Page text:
Imagining Justice for Syria, by Beth Van Schaack, Oxford University Press, 2020, 476 pages, £64
It is tempting to conclude that our multilateral institutions do not have the capacity to address tragedies like Syria. However, the fault is not necessarily in the institutions themselves but with those who have the power to act. The law exists, as does a cadre of professionals with the necessary skills and a ready set of justice models; what is lacking is the ability to achieve a political consensus on a path forward, or a willingness to proceed without such a consensus, with respect to situations like Syria, where there has been no regime change, where atrocities are ongoing, and – most importantly – where the great powers find themselves at odds with each other. The long-standing weakness in our system of international justice is made all more pronounced by the situation in Syria.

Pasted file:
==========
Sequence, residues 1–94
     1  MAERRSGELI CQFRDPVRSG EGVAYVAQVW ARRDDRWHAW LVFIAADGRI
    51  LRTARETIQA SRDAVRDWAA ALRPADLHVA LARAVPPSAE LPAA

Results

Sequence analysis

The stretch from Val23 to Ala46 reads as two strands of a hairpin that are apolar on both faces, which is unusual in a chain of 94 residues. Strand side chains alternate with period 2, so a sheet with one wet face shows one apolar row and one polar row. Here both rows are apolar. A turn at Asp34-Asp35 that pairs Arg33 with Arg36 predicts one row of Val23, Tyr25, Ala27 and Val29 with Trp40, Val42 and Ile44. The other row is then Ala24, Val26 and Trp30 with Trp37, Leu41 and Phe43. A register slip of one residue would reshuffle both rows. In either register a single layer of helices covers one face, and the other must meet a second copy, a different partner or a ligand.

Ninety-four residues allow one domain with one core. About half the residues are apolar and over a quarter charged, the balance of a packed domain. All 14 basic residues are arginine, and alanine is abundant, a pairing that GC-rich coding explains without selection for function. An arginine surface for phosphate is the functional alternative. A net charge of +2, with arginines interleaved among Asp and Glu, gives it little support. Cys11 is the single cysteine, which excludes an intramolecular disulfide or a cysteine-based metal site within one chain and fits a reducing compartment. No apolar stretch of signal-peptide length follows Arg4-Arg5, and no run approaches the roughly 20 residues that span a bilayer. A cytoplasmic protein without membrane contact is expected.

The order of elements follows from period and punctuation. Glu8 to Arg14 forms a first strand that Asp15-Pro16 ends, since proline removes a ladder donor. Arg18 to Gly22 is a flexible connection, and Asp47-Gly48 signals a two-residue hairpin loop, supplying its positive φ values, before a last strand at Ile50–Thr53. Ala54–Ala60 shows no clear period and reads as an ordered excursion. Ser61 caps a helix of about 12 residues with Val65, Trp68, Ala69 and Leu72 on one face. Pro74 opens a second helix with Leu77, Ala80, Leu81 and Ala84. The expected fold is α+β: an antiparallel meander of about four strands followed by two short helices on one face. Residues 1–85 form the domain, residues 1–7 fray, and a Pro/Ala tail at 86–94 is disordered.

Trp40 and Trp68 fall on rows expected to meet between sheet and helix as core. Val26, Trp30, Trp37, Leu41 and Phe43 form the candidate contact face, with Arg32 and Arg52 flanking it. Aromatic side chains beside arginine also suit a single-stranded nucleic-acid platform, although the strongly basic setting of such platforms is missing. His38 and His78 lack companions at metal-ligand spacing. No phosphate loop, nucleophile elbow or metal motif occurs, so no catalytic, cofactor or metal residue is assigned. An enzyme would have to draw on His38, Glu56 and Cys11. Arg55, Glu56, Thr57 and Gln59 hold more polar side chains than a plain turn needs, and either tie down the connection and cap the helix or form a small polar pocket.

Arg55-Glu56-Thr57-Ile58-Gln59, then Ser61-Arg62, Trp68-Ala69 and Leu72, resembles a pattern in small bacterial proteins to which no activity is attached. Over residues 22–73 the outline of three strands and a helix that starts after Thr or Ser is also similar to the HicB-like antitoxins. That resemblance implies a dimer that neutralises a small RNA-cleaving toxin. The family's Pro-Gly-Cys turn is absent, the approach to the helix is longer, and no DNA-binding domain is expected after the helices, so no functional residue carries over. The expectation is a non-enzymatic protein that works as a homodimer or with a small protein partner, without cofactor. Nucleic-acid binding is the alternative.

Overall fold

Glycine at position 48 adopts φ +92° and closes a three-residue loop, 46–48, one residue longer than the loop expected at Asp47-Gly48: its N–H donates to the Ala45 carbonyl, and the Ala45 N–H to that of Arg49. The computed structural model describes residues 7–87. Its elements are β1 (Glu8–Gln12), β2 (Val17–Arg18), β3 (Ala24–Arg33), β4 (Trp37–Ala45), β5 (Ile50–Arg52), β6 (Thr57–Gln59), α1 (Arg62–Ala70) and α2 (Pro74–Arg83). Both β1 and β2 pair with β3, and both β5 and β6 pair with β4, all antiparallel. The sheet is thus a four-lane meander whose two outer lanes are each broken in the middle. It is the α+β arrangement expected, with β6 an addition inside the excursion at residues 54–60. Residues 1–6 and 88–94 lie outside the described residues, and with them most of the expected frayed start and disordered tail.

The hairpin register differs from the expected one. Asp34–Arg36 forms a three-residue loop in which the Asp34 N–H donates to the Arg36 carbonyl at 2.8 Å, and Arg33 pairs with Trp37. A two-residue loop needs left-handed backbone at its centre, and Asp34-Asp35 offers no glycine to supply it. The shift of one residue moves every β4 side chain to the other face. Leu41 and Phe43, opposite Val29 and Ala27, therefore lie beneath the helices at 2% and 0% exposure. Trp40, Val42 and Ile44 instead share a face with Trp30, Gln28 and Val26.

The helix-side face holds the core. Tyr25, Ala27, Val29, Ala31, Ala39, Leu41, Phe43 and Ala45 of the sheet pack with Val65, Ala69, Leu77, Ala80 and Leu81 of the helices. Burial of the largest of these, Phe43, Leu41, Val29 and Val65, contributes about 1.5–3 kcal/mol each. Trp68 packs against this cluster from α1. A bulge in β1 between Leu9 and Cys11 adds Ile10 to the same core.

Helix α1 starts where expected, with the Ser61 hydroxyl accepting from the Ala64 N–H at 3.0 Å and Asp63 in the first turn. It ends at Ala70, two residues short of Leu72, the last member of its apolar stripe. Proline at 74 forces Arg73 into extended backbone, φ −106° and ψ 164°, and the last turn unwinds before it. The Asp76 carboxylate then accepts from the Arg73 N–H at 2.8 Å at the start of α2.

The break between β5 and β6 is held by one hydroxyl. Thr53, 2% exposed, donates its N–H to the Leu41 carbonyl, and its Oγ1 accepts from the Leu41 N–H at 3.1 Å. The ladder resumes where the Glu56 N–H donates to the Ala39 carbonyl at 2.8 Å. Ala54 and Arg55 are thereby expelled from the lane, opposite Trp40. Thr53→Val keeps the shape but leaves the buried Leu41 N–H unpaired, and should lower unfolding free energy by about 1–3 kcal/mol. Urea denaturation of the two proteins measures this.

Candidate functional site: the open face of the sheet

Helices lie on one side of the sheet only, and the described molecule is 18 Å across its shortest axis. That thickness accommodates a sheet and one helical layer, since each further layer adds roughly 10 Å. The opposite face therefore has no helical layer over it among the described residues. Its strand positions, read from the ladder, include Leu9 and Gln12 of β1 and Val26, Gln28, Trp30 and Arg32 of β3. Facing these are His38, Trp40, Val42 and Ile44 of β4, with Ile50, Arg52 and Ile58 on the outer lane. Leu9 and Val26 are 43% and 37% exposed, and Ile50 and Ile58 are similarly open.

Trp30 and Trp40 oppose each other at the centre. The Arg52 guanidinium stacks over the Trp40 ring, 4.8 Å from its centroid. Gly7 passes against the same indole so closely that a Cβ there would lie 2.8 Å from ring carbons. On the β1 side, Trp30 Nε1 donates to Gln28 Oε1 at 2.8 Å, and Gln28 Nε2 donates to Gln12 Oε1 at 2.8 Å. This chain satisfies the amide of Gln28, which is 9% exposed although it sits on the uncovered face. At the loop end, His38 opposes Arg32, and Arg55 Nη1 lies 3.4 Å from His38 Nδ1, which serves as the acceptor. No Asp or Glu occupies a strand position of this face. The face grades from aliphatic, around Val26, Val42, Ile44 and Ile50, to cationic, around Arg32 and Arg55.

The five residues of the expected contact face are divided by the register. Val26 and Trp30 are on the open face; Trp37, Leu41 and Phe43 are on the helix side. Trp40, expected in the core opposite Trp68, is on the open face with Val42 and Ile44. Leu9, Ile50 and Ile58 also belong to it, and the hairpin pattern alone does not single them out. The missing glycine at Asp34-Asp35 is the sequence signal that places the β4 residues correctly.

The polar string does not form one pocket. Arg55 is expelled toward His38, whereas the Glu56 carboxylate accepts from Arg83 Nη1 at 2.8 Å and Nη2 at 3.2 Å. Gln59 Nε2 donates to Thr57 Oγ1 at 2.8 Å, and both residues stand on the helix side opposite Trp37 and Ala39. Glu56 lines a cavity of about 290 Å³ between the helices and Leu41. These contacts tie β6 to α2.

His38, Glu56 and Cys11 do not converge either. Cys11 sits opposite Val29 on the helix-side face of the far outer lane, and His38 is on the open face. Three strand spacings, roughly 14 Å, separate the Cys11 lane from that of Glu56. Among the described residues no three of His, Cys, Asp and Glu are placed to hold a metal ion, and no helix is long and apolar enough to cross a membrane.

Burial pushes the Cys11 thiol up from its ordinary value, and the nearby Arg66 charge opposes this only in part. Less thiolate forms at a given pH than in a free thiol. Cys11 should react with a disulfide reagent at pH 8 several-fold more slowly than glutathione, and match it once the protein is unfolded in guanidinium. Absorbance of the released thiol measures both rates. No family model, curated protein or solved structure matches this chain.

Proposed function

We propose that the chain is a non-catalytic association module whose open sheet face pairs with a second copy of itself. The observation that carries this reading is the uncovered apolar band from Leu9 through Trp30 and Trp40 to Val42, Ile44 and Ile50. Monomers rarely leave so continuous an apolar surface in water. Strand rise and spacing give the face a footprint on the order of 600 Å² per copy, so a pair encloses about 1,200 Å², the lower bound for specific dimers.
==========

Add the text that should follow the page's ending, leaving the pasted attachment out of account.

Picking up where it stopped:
It has been over a decade since we last went about our daily lives without having to hear about, or see on the news or social media, atrocities being committed in Syria. Just reflect on all that has happened to you since 2011 (what you accomplished at university or work, the events in your personal life, your travels, your joys and your losses), and just imagine what your life would have been like were you to trade all of those memories and experiences for a decade of living in Syria, under or in flight from the Assad Regime, gassed and poisoned, terrorized by the Islamic State of Iraq and the Levant (ISIL), deprived of virtually every human right and human dignity, constantly under fear or on the run, watching loved ones and friends being tortured, maimed, killed, living in refugee camps, crossing dangerous lands and waters in search for safety only to find closed border-crossings by hostile governments, and so on. Continue reading “Book Review: Imagining Justice for Syria”